New Orleans, LA – It's increasingly common for cities to host community-wide dining specials to entice visitors and draw locals out to restaurants during seasonal tourism lulls. Typically structured as limited-time prix fixe dinner deals, these promotions are often called Restaurant Week, and both winter and summer editions have cropped up. We have something like this in New Orleans too, though, as usual, things are a bit different here.
11/21/2009 – Close your eyes and imagine your family's Thanksgiving table. I put good money on it that it includes Louisiana sweet potatoes. Dark orange and full of beta-carotene, we call them yams (from the West African word "djambi" meaning "to eat"). However, they're not really yams. Yams are long, tree-like tubers from Latin America with waxy bark-like skins. Needless to say, I doubt we'll stop calling them yams anytime soon. This time of year, they're great, they're everywhere and we're seeing more white sweet potatoes than ever before.
Lafayette, LA – As Louisiana recipes are passed down through the generations, it's common for them to acquire family stories and lore. The same thing sometimes happens to cookware, especially the seasoned cast iron skillets and Dutch ovens in which we cook our gumbos, stews and jambalayas.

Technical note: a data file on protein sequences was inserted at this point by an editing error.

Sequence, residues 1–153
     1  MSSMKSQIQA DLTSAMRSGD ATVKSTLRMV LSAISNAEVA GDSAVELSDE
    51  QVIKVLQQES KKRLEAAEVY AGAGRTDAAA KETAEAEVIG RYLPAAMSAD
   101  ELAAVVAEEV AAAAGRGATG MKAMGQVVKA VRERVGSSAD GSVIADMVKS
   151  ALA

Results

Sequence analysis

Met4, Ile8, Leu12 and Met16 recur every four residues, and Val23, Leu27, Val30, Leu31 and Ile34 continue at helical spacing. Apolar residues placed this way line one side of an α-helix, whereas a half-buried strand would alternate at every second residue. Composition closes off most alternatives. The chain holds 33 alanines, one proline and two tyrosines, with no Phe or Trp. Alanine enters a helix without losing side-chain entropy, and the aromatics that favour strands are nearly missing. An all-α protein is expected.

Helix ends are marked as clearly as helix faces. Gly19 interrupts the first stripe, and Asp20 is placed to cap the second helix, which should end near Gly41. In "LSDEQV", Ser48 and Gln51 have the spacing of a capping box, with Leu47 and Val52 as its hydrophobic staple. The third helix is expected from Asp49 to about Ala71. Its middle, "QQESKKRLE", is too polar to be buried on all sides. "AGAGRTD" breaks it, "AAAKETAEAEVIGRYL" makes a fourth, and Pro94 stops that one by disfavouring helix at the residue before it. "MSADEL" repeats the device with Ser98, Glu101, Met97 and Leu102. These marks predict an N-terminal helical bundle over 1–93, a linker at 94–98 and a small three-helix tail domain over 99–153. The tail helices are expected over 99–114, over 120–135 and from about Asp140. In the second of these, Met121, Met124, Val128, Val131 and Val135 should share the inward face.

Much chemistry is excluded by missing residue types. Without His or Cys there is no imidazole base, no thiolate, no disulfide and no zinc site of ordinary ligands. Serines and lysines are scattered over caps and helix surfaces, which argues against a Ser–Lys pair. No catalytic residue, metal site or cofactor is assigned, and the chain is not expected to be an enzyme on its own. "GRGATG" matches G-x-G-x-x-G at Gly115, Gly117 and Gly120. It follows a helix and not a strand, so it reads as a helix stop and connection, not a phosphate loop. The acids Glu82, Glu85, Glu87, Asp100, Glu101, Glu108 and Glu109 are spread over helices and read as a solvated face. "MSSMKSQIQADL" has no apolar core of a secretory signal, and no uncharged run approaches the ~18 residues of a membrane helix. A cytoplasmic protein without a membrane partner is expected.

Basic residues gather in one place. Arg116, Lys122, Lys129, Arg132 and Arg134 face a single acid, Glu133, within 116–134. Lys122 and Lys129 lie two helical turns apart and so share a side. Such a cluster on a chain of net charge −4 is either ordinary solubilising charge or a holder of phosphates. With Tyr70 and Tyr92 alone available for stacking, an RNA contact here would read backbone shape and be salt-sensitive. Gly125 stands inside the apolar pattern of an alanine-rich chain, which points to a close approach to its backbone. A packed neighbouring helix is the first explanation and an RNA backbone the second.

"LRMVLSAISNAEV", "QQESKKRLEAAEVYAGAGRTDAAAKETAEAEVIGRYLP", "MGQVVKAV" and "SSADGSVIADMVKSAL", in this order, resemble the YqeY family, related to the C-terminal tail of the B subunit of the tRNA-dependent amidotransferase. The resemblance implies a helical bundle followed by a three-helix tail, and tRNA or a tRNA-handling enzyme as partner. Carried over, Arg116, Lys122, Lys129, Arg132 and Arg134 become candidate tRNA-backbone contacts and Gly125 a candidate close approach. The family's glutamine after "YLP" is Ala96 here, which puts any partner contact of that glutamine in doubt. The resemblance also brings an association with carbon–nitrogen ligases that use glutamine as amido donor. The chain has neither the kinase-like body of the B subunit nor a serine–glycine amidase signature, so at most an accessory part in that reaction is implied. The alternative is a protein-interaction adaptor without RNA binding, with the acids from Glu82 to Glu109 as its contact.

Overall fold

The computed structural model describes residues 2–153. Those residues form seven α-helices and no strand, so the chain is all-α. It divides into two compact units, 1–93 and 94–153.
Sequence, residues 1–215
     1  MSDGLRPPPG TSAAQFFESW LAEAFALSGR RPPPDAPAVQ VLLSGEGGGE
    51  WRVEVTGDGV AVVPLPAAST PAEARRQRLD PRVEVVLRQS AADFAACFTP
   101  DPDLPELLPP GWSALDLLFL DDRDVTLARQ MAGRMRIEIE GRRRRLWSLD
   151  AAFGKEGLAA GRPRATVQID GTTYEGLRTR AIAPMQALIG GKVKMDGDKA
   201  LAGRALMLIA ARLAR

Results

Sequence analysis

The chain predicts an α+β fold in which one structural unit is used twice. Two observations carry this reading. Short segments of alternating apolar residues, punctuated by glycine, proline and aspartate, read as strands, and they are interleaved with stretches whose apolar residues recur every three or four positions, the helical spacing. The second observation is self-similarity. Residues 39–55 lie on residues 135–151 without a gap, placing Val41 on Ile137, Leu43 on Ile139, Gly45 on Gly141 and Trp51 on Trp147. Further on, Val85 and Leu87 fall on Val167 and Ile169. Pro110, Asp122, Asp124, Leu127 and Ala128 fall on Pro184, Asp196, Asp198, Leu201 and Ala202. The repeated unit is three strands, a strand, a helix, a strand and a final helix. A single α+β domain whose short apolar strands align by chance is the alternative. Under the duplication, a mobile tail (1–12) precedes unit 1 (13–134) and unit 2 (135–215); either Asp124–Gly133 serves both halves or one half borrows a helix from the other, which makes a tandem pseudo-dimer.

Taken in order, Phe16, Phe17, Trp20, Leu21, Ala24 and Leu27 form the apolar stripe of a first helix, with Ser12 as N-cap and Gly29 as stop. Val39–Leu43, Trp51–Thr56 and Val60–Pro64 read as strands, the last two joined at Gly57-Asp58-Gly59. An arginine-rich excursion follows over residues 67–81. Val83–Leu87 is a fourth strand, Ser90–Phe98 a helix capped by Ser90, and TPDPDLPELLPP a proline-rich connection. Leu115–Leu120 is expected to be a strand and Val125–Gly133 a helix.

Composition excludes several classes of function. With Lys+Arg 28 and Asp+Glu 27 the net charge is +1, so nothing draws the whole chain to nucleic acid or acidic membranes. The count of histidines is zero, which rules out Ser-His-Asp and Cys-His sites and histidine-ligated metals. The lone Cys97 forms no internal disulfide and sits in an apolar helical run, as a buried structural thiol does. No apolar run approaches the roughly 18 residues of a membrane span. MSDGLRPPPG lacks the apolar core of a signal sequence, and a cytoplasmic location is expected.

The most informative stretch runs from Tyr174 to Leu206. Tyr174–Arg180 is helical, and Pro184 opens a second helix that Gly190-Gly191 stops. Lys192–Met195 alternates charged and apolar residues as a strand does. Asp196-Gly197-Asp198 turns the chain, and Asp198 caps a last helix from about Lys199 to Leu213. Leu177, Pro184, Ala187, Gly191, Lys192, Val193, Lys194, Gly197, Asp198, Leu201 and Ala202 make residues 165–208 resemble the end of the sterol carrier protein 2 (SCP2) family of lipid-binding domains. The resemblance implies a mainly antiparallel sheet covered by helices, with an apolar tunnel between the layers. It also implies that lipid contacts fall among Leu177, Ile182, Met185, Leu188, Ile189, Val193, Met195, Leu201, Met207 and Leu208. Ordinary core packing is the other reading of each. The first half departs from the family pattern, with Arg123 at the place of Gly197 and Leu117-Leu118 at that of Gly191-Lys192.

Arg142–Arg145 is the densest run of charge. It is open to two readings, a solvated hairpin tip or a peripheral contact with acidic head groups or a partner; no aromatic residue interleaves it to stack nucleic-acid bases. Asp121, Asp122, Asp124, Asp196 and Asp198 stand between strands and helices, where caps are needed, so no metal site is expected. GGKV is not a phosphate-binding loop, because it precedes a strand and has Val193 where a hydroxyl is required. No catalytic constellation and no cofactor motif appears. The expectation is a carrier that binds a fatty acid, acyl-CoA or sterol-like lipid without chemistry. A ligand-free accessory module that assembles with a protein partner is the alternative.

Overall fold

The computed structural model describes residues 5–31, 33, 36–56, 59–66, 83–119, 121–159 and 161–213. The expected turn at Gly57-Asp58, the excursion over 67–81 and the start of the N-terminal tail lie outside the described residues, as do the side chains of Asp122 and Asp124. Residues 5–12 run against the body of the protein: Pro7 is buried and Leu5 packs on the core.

New Orleans, LA – Can I share with you a little secret? Farmers markets may operate for only a few hours a week in each location. What you may not realize is that the relationships established beneath the tents and umbrellas carry on long past the closing bell. One example of this is the relationship between Poplarville's J&D Blueberry Farm and Hubig's Pies. Our city's beloved century long Simon Hubig Pie Company is owned by the Bowman and Ramsey families who when not frying shop at markets. This summer, they were in search of lots of frozen blueberries for their blueberry pie.
New Orleans – By 4:30 in the morning, Al Sunseri is usually performing his pre-dawn stake out near the corner of Iberville and Bourbon streets in the French Quarter. He's an owner of P & J Oyster Co., and he's looking for a parking spot for his delivery truck. It's important to get into position before the beer vans arrive to restock the many nearby bars because P&J workers have their own heavy lifting ahead of them at this particular corner.
New Orleans, LA – If you're like me, you've started your Saturday morning early shopping for the pick of the crop at our region's farmers markets only to head back home in time to brew a pot of coffee and chicory, enjoyed with Isabel's tamales. I then prepare Saturday lunch featuring Mississippi chevre and and cucumbers from La Rose. Sound familiar? The only sounds I've not yet mentioned are the ones on my radio: The Splendid Table on WWNO, 89.9 FM. In the world of public markets, we rely heavily upon the transfer of knowledge we gain from our public radio.